Cancer patients with balanced gut bacteria respond better to treatments than other patients, says Catherine, who runs a website called Reset Your Gut, which echoes the theories in her book with recipes and a four-week course to follow. “I’ve spoken with many doctors who are excited about the website,” she says. “Every chapter in my book has 60 to 70 references to research done around the world, so people can see there is a basis for my views.”

One chapter in her book is called Keep Your Marbles and in it she discloses that her father, who was a doctor, died from Alzheimer’s in 2010.

She points to recent research which shows that 10 patients with early Alzheimer’s disease showed improvement after being put on a low carb, gluten-free diet, rich in fruit, vegetables, wild fish, probiotics, mineral supplements and coconut oil. She reports: “After six months, nine out of 10 participants experienced a substantial improvement in cognitive function, to the extent that six of the volunteers were able to return to their jobs, having given up work when their symptoms began.

“This is remarkable stuff and with no drug taken! Drug companies are trialling vaccines they hope will reverse dementia, but I would suggest that the lifestyle changes and protocol followed by those in the study are a more sustainable option.”

Those following her website course are not allowed to drink alcohol but after it has finished there can be a more relaxed “80 per cent” approach.

In her book she has two lists, the Dirty Dozen and the Clean 15. Strawberries, spinach, apples, pears and grapes are among the Dirty Dozen, but only because they have been shown to have higher levels of pesticide residue, due to farming methods. She urges people to buy organic to reduce the risk.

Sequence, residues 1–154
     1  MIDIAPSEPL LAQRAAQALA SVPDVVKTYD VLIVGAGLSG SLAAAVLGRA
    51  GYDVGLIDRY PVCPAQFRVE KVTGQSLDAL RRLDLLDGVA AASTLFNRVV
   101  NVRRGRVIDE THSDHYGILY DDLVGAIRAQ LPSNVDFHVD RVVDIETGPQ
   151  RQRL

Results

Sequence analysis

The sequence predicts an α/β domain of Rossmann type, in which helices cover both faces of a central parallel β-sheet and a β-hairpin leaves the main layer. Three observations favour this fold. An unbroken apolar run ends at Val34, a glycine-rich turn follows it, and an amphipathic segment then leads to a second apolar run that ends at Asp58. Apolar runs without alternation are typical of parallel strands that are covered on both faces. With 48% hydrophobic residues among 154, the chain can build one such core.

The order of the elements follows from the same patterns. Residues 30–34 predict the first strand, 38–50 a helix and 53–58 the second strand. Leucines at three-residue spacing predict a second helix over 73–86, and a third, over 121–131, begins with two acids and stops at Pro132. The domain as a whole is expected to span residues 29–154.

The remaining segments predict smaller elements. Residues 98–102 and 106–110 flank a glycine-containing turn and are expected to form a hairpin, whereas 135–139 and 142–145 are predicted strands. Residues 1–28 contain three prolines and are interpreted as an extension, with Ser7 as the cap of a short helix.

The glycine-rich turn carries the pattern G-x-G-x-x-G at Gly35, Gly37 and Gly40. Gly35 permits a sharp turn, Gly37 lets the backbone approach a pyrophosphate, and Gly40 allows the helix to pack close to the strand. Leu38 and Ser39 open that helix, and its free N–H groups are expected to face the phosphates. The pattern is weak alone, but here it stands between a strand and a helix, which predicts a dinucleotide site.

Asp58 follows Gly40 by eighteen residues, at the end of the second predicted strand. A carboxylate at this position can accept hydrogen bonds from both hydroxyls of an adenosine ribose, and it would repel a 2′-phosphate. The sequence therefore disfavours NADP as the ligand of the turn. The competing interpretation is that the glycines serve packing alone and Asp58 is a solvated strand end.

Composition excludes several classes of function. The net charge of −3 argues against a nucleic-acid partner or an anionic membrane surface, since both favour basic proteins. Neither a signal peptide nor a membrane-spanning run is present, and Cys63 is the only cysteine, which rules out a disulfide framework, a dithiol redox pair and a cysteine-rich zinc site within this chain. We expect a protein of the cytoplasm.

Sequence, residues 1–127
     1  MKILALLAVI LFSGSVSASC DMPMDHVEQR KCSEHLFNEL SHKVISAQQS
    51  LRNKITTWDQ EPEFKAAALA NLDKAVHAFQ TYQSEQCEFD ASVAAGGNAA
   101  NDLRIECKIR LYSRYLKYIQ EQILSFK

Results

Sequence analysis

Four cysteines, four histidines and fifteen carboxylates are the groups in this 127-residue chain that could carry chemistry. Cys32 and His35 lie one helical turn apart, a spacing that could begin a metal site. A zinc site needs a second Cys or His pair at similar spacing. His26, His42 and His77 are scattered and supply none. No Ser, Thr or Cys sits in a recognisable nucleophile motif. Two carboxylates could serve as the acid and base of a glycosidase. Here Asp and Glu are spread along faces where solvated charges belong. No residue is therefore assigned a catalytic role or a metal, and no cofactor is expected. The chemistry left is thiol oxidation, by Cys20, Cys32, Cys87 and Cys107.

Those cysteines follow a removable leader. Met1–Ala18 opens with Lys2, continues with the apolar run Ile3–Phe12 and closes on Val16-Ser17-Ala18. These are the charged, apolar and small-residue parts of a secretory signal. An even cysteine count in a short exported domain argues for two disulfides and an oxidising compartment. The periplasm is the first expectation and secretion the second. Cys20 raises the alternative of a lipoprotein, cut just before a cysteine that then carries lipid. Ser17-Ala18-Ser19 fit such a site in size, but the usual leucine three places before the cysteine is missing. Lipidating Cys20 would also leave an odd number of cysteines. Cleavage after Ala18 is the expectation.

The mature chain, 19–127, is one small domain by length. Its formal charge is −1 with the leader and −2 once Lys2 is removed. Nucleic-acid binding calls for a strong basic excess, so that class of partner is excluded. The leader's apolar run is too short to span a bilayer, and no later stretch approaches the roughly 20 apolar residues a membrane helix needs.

Avocados, pineapples, cabbage, asparagus and mangos are among the foods on the Clean 15 list as they are less prone to contamination by pollutants. Catherine is working with dieticians, nutritionists, doctors, scientists and a recipe writer – plus keen interns from Oxford University – to continue developing her Reset Your Gut online programme.

“Research is showing you can help yourself with IBS, low energy, low mood, depression, difficulty sleeping, excess belly fat, weight gain, type 2 diabetes and more,” she says. “Reset Your Gut is not a fad diet. It’s a lifestyle change.We are in the midst of a paradigm shift and one that, in my eyes, could revolutionise what it means to live a healthy, balanced life.”


SERVES 2. Per Serving: calories 641, protein 19g, fat 45g (saturates 7g), carbs 39g (sugar)


1. Place the sliced red onion in a small shallow bowl and add the vinegar and set aside, mixing occasionally.

2. Heat 1 tbsp of the oil in a large non-stick frying pan over a medium-low heat and add the diced onion, garlic, cumin, coriander, red chilli and season well with salt and black pepper, cook for 5 minutes or until soft, remove the mixture from the pan and set aside.

3. Keep the frying pan over the lowest heat and add another tbsp of oil. Season the stalk side of the mushrooms and add to the pan seasoned side down, cover the pan with a lid and cook for 6 minutes on each side or until soft, remove and set aside.

4. Meanwhile place the chickpeas, avocado and psyllium husk powder – if using it – into a high-speed blender and blitz to form a rough paste.

5. Mix in the onion mixture and with wet hands form 4 burger shapes.

6. Add 1 tbsp oil to the pan and turn the heat to medium; cook the burgers for 4-5 minutes, add the remaining oil and turn over cook for another 4-5 minutes.

7. Serve each burger on a mushroom like an open sandwich with the salad leaves and garnish with the red onions.

  • GutWell Soon by Catherine Rogers is published by Panoma Press and costs £14.99. Those interested in the ResetYour Gut recipes and programme should go to